Got (Chocolate) Milk? For Fresno Unified Students, It’ll Soon Be Harder to Find
Chocolate milk won’t be an option for Fresno Unified students in their summer meals starting Wednesday. That’s when the district will stop including it with the breakfast-and-lunch meal handouts at area schools.
And starting in August, chocolate milk will only be available for elementary school students with their lunches. (Middle and high school students, no chocolate milk for you!)
It’s all part of the district’s continuing efforts to provide healthy meals and help students learn to make nutritional choices that will serve them throughout their lives.
But some students could wind up with a calcium deficit, because chocolate milk is the only kind of milk they’ll drink.
No More Chocolate Milk This Summer
Food services managers at two north Fresno schools were surprised to learn Friday from GV Wire℠ that chocolate milk won’t be on the summer meals menu starting July 1.
Tioga Middle School manager Socorro Castillo said only about half the people who stop by for summer meals will also take milk. When they do, it’s usually chocolate.
Tioga students “love the chocolate milk,” she said, standing near a large container filled with 8-ounce cartons of chocolate milk. “It’s the only way you can make them drink it.”
Castillo said she was surprised by the district’s decision, noting that the chocolate milk Fresno Unified serves actually has less sugar than the regular milk.
Chocolate Milk’s Critics
About a decade ago Fresno Unified had considered a chocolate milk ban, which Los Angeles Unified already had instituted in response to pressure from celebrity chef Jamie Oliver and nutritionists. Although chocolate milk survived in Fresno, strawberry milk wasn’t so lucky.
In response to concerns over the amount of sugar in chocolate milk, Producers Dairy reformulated it to lower the sugar levels but still maintain the calcium that kids need for strong bones and teeth.
The topic was resurrected recently as trustees considered contracts for milk purchases.
Trustee Veva Islas, noting the district was preparing to award a contract that included $2.5 million for chocolate milk but only $522,000 for 1% milk, urged district leaders to provide healthier menus for the district’s 74,000 students — and not buy so much chocolate milk.
Based on board direction, the district is decreasing the amount of chocolate milk offered to students.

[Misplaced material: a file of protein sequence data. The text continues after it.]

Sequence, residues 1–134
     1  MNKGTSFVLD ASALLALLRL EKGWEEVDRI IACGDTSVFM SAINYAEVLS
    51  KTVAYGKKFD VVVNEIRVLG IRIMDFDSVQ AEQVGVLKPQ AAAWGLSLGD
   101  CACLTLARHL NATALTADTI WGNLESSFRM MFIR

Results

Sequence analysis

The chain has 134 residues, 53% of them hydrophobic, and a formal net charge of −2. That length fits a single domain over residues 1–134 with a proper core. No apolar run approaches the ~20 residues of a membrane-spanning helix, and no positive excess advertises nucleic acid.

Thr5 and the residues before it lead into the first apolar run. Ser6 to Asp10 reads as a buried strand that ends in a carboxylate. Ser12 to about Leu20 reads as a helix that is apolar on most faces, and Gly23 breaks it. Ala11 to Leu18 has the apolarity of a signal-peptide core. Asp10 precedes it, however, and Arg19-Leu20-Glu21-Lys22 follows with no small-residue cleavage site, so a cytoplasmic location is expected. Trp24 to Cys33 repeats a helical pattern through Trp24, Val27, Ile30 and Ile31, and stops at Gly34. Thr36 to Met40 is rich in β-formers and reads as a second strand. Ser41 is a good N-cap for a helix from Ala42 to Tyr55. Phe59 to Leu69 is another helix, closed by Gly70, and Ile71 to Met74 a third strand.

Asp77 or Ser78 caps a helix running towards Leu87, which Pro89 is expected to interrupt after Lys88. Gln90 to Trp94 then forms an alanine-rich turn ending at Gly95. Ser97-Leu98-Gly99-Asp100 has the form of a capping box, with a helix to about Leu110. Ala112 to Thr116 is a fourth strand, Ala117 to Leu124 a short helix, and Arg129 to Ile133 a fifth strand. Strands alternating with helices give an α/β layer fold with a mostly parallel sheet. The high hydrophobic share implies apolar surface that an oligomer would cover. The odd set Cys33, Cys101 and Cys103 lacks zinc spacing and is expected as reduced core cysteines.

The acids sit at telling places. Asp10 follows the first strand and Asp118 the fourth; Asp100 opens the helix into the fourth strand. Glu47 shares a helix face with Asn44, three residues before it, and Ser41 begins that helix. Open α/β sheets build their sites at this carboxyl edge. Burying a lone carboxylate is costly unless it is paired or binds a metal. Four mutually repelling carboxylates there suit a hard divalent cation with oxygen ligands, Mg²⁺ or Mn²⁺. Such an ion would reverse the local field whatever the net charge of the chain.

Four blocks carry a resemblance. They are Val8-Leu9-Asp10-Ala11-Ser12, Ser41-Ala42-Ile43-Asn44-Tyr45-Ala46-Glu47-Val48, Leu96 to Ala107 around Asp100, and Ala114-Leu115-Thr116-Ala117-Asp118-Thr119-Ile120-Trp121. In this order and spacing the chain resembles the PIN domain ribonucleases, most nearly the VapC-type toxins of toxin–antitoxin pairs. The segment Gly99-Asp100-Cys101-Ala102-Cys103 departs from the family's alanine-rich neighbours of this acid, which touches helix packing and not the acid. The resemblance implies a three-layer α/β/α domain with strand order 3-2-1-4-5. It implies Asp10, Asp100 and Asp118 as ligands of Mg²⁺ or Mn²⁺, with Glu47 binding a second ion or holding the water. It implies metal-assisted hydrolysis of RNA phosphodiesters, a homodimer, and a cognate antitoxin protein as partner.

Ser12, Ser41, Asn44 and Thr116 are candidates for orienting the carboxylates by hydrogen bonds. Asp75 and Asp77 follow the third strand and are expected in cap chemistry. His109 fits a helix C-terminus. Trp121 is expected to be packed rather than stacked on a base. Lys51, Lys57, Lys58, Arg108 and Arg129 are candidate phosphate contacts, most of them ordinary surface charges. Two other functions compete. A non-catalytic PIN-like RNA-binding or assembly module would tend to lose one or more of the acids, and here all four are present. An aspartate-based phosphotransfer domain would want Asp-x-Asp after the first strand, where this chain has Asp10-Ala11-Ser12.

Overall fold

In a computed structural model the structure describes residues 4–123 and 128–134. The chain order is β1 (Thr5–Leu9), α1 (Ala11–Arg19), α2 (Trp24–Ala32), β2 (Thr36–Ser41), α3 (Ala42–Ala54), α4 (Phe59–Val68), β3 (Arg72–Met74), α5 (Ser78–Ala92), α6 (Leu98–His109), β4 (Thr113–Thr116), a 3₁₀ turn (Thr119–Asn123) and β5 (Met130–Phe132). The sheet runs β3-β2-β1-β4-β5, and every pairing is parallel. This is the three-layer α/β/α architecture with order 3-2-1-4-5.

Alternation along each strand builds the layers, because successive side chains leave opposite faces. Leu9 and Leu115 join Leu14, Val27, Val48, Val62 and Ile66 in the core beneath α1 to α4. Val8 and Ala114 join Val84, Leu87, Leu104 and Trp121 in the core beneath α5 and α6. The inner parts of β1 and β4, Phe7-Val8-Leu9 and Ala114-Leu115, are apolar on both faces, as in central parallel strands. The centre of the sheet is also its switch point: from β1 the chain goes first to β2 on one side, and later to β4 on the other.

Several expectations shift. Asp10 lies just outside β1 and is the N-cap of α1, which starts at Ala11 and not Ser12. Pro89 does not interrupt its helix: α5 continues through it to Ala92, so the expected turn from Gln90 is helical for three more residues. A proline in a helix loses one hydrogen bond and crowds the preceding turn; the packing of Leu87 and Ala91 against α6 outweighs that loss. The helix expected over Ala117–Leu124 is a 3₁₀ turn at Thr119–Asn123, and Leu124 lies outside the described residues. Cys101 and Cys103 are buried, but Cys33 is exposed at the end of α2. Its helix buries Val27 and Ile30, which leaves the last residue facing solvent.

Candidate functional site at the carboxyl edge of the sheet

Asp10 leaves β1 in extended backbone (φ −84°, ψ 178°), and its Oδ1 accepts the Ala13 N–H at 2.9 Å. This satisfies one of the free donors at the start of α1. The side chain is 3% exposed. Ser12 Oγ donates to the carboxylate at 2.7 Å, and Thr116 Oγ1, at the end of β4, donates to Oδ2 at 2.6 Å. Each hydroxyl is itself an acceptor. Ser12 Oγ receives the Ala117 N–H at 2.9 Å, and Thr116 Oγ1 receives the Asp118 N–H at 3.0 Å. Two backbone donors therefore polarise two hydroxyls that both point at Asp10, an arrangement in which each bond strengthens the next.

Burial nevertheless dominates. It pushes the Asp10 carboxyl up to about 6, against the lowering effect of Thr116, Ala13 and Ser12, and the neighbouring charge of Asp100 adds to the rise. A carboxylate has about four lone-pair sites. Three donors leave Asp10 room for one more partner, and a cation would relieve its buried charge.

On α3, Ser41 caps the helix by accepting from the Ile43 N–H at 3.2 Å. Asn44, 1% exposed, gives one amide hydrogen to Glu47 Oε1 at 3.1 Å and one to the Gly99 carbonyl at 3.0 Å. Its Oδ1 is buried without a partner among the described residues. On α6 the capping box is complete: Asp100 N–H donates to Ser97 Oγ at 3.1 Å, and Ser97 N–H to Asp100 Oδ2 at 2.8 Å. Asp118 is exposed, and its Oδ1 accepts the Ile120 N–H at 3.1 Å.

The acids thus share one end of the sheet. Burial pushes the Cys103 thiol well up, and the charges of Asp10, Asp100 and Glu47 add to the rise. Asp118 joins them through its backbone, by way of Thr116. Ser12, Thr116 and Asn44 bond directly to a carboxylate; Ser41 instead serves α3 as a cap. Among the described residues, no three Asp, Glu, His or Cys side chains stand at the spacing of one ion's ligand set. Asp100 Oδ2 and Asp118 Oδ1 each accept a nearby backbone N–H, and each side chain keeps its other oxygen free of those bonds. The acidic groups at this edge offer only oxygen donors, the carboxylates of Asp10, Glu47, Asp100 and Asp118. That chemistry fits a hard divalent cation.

Adding Syrup from Home
Most parents and grandparents who were picking up meals Friday at Tioga and Hoover High School said they were OK with the district’s chocolate milk cutback.
Melvina Carter, however, was crestfallen to hear the news. “My son, he loves the chocolate milk,” she said at Hoover High. “He’ll have to bring his own chocolate syrup from home. That’s the only way he’ll drink it.”
Carter said her son, Ruben Camarillo, is a 20-year-old special needs student at the Adult Transition Program next to Tioga.
But a woman who would give only the initials M.E. said the district needs to start providing whole milk instead of the nonfat varieties of chocolate and regular milk.
Only one of her three children drinks the chocolate milk, and only on occasion, she said. “It’s nasty. It tastes like water with chocolate.”
Fewer Drink Choices to Come
Hoover food services manager Sylvia Avila said chocolate milk comes in No. 2 among the high schoolers, behind fruit juice and ahead of regular milk.
Fruit juice also is on the district’s radar. Chief Operations Officer Karin Temple said in a recent memo to trustees that fruit juice will be replaced by whole fruit at elementary schools two days a week starting in August, with a goal to eventually phase it out altogether during the school year.
The choices for students keep decreasing, Avila said.
“Strawberry-flavored milk used to be popular, but they took it from us,” she said. “And now they want to take the chocolate.”